Dec. 2: Special meth lab spotting classes were offered at the Tucumcari Fire Dept. by traveling instructor Lt. Frank Musitano from the New Mexico State Police.
Dec. 3: Tucumcari students who are part of the Business Professionals of America put together a toy, clothing, coat and food drive to run through Dec. 16.
Dec. 5: Tucumcari Public Schools held an open forum regarding the revision of the high school’s student drug policy, with a full revision was expected by January.
Dec. 6: Del’s Restaurant was decked for the holidays, complete with angels, teddy bears, a cast of Disney characters and a miniature village. Diner Jeanne Smith said, “It tells me what I still have to do (to decorate) at home.”
Dec. 7: Front page news included the word of a canine cop coming to Quay for sniffing out criminals with drugs.
Dec. 8: New Mexico’s “gift to the nation,” an 80-foot Christmas tree from Santa Fe National Forest, made it safely to Washington, D.C., where it was lit for the first time.
Dec. 9: Tucumcari Middle School kids visited High Desert Family Services to share the joy of decorating – and eating – holiday cookies.
Dec. 9: Mariachi Tenampa and Balla, Balla dancers were back on a Tucumcari stage for their second annual Fiesta Navidad at THS auditorium.
Dec. 10: The annual Chamber of Commerce Parade of Lights blazed through town with everything from Rudolph the red-bulbed reindeer to a lit up Port-o-John.
Dec. 10: The dog who greets customers at Route 66’s TeePee Curio was featured as Quay County critter.
Dec. 10: Holiday shopping time was in full swing, with a host of goofy gifts explored from Tucumcari stores, including an alien skull and a lamp made entirely of goat hide.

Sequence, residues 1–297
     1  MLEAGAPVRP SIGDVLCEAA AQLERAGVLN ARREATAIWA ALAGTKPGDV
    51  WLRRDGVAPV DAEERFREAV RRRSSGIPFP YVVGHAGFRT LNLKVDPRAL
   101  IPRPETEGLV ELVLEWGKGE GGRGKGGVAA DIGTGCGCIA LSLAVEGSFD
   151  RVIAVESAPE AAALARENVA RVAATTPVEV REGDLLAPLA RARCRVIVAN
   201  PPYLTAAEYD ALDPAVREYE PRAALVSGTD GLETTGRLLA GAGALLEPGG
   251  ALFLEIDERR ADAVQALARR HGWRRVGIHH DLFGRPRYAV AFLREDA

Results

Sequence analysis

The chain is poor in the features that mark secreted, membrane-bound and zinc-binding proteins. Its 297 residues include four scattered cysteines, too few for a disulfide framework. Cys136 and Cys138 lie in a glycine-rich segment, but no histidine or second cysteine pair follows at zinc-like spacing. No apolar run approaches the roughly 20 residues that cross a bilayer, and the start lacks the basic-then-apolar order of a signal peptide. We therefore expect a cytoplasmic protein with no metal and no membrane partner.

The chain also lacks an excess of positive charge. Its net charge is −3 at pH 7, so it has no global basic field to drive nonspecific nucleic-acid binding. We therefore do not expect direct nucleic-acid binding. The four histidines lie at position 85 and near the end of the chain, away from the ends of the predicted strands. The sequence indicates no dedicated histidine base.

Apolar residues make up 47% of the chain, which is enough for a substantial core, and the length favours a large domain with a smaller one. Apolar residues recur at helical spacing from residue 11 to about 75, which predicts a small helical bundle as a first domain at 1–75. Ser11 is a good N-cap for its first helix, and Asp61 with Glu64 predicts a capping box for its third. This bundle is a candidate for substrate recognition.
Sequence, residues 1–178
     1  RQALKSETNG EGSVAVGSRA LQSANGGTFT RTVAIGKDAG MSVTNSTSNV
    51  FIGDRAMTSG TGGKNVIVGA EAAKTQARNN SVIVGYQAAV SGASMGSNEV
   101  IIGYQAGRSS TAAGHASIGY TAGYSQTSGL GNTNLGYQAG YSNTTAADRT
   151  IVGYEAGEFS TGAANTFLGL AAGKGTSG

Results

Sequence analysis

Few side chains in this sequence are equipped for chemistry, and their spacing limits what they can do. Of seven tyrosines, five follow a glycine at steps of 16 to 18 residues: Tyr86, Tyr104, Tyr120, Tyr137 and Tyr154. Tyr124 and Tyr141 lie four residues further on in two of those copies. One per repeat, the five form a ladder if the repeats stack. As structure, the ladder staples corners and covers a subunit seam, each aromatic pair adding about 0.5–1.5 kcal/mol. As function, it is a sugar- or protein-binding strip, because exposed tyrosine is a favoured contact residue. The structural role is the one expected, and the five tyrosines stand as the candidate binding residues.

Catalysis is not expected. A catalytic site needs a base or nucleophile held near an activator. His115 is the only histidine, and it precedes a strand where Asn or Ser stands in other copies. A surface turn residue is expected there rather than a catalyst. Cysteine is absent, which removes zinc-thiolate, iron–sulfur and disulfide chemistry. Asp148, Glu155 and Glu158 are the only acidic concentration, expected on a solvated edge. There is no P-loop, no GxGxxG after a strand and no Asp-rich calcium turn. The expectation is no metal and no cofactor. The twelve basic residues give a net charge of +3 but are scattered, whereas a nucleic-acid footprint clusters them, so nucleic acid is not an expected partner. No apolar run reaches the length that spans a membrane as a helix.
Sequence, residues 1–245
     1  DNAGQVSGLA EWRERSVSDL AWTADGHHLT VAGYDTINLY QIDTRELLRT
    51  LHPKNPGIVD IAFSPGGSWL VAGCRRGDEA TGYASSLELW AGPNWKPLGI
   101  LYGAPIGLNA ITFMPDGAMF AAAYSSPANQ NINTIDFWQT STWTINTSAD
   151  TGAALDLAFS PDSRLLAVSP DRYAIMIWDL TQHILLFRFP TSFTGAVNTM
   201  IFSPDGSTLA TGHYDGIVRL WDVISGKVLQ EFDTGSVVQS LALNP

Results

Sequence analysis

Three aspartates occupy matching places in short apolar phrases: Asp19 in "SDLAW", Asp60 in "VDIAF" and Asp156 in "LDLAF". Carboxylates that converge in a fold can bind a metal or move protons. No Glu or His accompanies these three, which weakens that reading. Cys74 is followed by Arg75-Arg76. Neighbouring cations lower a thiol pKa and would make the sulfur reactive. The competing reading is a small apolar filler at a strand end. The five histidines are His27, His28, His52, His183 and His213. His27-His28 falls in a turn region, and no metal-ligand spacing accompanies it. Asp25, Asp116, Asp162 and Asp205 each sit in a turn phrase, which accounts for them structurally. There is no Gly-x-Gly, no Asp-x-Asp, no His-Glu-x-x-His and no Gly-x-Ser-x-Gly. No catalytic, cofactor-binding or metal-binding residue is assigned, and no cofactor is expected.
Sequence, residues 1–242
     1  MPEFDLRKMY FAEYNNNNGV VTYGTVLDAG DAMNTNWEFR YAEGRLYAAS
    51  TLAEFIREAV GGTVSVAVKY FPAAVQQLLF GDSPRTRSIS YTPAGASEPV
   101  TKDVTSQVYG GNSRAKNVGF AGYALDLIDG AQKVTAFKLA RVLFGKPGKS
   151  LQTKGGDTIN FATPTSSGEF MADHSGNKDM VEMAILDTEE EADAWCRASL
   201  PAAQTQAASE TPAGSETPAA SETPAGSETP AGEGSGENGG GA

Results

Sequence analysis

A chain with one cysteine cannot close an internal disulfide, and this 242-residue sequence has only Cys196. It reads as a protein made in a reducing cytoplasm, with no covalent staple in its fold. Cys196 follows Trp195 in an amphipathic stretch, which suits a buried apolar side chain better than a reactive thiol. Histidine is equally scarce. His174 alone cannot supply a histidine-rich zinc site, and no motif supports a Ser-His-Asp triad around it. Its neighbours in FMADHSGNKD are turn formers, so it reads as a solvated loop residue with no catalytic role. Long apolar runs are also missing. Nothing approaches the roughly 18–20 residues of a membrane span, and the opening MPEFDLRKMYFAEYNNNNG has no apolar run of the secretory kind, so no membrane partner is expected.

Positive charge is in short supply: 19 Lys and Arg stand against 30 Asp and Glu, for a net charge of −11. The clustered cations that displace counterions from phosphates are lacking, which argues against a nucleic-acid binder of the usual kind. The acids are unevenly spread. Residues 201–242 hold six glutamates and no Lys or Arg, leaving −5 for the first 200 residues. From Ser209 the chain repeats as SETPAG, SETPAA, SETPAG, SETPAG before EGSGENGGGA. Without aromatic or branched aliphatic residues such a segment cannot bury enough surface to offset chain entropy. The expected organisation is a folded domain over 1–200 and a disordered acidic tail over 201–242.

Dec. 11: The Tucumcari Science Fair offered lots of experiments – and lots of honors, like Nikki Harman’s first place project that proved plants thrive on country music.
Dec. 14: Water money flowed into town in the form of grants and loans totaling more than $900,000 to fix up the waterlines beneath the First Street construction project.
Dec. 15: Quay County commissioners gave the stamp of approval for Ute Lake Ranch, a multimillion dollar project officials say will boost the economy and may the shot in the arm Tucumcari needs.
Dec. 17: The lady who decorates an evergreen tree each year randomly on Highway 209 was at it again, as pointed out in columnist’s Lynn Moncus’ piece.
Dec. 17: Tourists and residents alike were on the wagon – the wagon mural tour, that is, a first-time, horse-drawn event sponsored by the Quay County Tourism Council and attended by about 85 eager viewers.
Dec. 18: San Jon held its annual Festival of Trees, complete with a sweet shop, decorated tree viewing and a student program.
Dec. 19: Tucumcari’s Cactus Motor Lodge made the list of historic properties much to the glee of owner Andy Patel who said he had written letters to the New Mexico Cultural Properties Review Committee for years. “There’s a lot of history here,” Patel said.
Dec. 20: Gingerbread was the lesson for some Tucumcari Elementary School students who participated in the annual Kindergarten Gingerbread Bake.
Dec. 21: Folks were warned of holiday hazards – like falling while decorating and the more than 10,000 fires that erupt each year because of candles.
Dec. 24: A litter of Labs were the featured critters, born on Thanksgiving, which doubles as owner Norma Romero’s birthday.
Dec. 25: Christmas.
Dec. 26: Word got out that Quay’s own Pete Walden, county agent for nearly three years, nabbed the New Mexico Association of Conservation Districts Outstanding Conservationist Award. The humble man said he was just doing his job.
Dec. 28: The Rose Bowl caravan of classic cars dined at the convention center at their lunchtime send-off to the Pasadena parade.
Dec. 28: Common cold misconceptions were thrown out the window, like one gets a cold from not wearing a jacket or going outside with wet hair.
Dec. 29: The American Cancer Society’s Relay for Life was set to debut in Quay in the spring, with a Relay Rally scheduled for January.
Dec. 31: New Year’s resolution time for residents was underway, with several locals sharing their own; they included quitting smoking, eating healthier and making more money.